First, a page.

COLUMBIA, S.C. — As of Friday, 42% of all South Carolinians have received one dose of the vaccine and just over a third of our state's population is fully vaccinated.
In a vaccine update Friday, DHEC also released new information about the demand for the Johnson & Johnson shot, which resumed distribution in the Palmetto state Monday.
Since the Johnson & Johnson shot resumed earlier this week, 1,974 doses have been administered statewide.
DHEC says demand for the one-dose vaccine is picking up.
"We have people who have been e-mailing, asking for information specifically where they can get the Johnson and Johnson vaccine," said Assistant State Epidemiologist with SCDHEC, Dr. Jane Kelly. "I think there is still confidence in the Janssen vaccine and some individuals prefer one and done. It's a little too early to tell, but we haven't really seen these utilization rates go down."
In Friday's briefing, Dr. Jane Kelly also discussed long-term effects of the COVID-19 vaccine. She says so far, South Carolina hasn't reported any adverse reactions. If severe reactions to the shots are going to happen, Kelly says they'll occur within the first six weeks.
"We've now had over 200 million doses of vaccines administered. We've had some allergic reactions. There were those six very rare cases with the Janssen vaccine that were further investigated," said Kelly. "Otherwise, we have not seen any serious adverse events. We've now had more than two months."
As supply outweighs demand, DHEC is encouraging everyone to get the first shot available. Ideally, the agency would like to equalize the levels of supply and demand.
Medical experts realize some people remain hesitant due to misinformation spreading online.
Dr. Kelly addressed a few concerns Friday.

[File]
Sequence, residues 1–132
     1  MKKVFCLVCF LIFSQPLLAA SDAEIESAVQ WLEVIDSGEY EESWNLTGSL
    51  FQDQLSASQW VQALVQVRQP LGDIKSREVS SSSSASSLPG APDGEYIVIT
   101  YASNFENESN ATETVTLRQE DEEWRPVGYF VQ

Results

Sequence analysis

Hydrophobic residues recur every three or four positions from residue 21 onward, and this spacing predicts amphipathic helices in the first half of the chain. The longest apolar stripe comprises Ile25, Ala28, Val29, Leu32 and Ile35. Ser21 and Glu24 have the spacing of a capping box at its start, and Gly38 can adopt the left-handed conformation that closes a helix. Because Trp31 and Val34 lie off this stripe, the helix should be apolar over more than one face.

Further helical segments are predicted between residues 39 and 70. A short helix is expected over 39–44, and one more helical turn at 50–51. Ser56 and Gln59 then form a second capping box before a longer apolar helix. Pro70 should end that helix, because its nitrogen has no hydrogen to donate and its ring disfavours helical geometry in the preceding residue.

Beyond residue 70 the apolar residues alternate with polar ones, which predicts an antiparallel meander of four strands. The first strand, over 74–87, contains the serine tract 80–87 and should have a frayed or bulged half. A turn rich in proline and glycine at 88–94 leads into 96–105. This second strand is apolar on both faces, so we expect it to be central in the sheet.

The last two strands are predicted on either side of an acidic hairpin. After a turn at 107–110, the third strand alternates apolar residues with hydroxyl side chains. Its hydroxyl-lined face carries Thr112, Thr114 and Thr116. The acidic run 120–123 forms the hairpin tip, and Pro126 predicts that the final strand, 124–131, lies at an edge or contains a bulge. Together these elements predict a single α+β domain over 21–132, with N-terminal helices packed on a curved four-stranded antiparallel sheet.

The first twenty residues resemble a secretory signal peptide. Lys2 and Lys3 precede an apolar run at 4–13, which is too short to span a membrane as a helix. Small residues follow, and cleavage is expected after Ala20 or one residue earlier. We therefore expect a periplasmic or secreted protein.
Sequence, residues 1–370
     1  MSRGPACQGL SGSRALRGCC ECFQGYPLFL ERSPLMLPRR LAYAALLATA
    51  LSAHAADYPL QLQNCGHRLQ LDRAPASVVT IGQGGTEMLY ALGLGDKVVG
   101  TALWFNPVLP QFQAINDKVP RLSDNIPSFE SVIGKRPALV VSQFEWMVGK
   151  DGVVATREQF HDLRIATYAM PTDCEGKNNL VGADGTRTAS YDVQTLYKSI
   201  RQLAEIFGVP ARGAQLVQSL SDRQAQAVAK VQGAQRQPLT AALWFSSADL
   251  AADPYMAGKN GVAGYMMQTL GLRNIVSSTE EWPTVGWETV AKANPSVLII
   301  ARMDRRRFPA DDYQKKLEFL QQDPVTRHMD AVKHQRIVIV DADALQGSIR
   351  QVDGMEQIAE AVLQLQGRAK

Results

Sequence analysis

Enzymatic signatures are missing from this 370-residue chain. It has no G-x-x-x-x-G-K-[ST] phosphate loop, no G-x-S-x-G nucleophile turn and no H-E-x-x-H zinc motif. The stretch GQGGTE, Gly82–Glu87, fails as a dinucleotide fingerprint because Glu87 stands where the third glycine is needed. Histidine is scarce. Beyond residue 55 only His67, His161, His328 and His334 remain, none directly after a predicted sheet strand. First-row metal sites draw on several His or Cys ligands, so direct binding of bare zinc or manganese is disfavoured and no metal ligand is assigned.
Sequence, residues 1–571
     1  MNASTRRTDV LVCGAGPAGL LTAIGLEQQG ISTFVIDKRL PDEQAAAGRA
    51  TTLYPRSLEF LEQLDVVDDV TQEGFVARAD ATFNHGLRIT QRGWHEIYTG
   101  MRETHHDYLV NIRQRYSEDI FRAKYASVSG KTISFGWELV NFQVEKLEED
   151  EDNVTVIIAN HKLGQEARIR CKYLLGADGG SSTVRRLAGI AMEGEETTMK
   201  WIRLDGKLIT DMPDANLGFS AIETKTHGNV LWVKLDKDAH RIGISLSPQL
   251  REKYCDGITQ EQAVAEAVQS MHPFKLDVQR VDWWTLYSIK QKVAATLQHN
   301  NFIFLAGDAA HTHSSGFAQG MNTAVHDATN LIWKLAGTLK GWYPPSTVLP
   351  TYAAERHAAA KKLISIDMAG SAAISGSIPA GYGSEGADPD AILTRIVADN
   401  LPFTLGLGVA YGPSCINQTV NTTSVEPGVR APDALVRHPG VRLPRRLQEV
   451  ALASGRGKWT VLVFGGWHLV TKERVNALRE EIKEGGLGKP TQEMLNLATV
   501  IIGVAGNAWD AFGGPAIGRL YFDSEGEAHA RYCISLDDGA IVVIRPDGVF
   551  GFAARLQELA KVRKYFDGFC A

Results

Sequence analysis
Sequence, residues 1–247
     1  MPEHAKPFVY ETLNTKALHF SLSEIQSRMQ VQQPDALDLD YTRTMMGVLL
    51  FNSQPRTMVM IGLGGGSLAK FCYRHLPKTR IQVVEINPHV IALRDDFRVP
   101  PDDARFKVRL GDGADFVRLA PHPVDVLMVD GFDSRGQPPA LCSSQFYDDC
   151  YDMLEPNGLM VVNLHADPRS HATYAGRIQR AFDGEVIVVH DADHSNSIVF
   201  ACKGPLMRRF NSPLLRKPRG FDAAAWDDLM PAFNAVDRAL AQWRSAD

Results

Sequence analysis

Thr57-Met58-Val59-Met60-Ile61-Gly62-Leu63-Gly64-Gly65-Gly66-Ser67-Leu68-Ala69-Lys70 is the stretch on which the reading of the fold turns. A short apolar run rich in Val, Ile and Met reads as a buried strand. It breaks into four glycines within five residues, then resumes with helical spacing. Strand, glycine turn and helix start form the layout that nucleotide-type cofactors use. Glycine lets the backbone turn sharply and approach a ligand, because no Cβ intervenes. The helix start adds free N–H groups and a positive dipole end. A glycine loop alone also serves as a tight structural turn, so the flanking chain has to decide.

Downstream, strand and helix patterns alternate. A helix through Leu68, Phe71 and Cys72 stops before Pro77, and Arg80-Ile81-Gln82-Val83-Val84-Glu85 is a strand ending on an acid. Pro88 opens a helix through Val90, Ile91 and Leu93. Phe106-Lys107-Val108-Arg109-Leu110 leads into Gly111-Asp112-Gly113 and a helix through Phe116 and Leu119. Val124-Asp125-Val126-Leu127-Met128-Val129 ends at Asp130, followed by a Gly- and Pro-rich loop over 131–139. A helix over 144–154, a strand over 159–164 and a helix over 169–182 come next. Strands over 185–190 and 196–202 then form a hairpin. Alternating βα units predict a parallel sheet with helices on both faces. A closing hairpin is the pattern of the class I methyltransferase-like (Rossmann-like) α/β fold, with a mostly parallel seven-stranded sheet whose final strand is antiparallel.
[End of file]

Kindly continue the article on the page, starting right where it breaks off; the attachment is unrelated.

"None of these vaccines have virus in them. You cannot get COVID-19 from the vaccine," said Kelly. "Vaccines do not decrease your fertility or cause sterility, and these vaccines do not alter your DNA. Do not be fooled by pseudoscience and conspiracy theories."
As of Friday, over 133,000 people are late for their second dose of the vaccine. Dr. Kelly says DHEC is taking a closer look at this group, identifying any sub populations who may choose to skip out on the second dose. Sub populations can include certain ethnicities or age groups.
To help more South Carolinians get the life-saving shot, DHEC says plans are in the works for vaccine incentives.
For example, Dr. Kelly says some employers are offering gift cards or time off for their workers to get vaccinated. The health agency has the capability of offering incentives and secured funding for that use.
"Once Pfizer vaccine, for example, is approved for ages 12 to 15, which we think it will, that we could have school days events," explained Kelly. "Maybe give return-to-school packages of school supplies. We have talked about financial incentives. I think there's a preference of being a little more creative and just not giving people money."
DHEC will share more about their incentive plans when plans are finalized.